Dr. Mehmet Oz is host of the popular TV show “The Dr. Oz Show.” He is a professor in the Department of Surgery at Columbia University and directs the Cardiovascular Institute and Complementary Medicine Program and New York-Presbyterian Hospital.

Dr. Mike Roizen is chief medical officer at the Cleveland Clinic Wellness Institute, an award-winning author, and has been the doctor to eight Nobel Prize winners and more than 100 Fortune 500 CEOs.

 

Dr. Mehmet Oz,Dr. Mike Roizen

Tags: covid-19 | mutation | vaccine | dr. oz

Protecting Yourself Against New Virus Strains

By and Friday, 09 April 2021 12:07 PM Current | Bio | Archive

Marvel Comics specializes in mutant superheroes, from Hope Summers and Wolverine to Iceman and Storm. They're only scary to the bad guys.

Mutant viruses, on the other hand, are more troubling — and we know COVID-19 is mutating.

These mutations include the British variant (officially called B.1.1.7), the South African strain (B.1.351), the Brazilian one (P.1), and as of this writing, mumblings about a home-grown American mutation in New York City (B.1.526).

These variants may become harder for your immune system to detect or to attack. And they may make the infection more easily transmitted or more severe.

The good news is that some of the current vaccines knock out some of the mutations. Correspondence in the New England Journal of Medicine says that the Pfizer vaccine neutralizes both the British and Brazilian strains, and is nearly as effective in countering the South African one.

And Moderna announced it is shipping a vaccine that is tailored to knock out both the original and South African strains.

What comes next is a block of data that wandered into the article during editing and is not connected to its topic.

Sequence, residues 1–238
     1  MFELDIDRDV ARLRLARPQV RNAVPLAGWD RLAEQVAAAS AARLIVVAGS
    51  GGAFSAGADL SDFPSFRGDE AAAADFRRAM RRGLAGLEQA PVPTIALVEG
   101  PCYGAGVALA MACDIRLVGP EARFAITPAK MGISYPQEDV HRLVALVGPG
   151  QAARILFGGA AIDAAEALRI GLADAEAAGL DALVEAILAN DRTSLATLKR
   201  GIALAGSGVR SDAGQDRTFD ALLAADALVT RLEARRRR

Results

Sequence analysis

Down the road, some people may need booster shots (no big deal), but as we get to 80%-90% vaccination rates, the virus will be less likely to mutate because it will be reproducing less.

So where does that leave you if you've been vaccinated or are thinking about getting vaccinated?

Feeling delighted you got a vaccine or committed to getting one ASAP.

Also, following social distancing rules, wearing a mask when out of the house, and washing your hands frequently. That's really no strain at all. 

© King Features Syndicate


Dr-Oz
Correspondence in the New England Journal of Medicine says that the Pfizer vaccine neutralizes both the British and Brazilian strains, and is nearly as effective in countering the South African one.
covid-19, mutation, vaccine, dr. oz
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2021-07-09
Friday, 09 April 2021 12:07 PM
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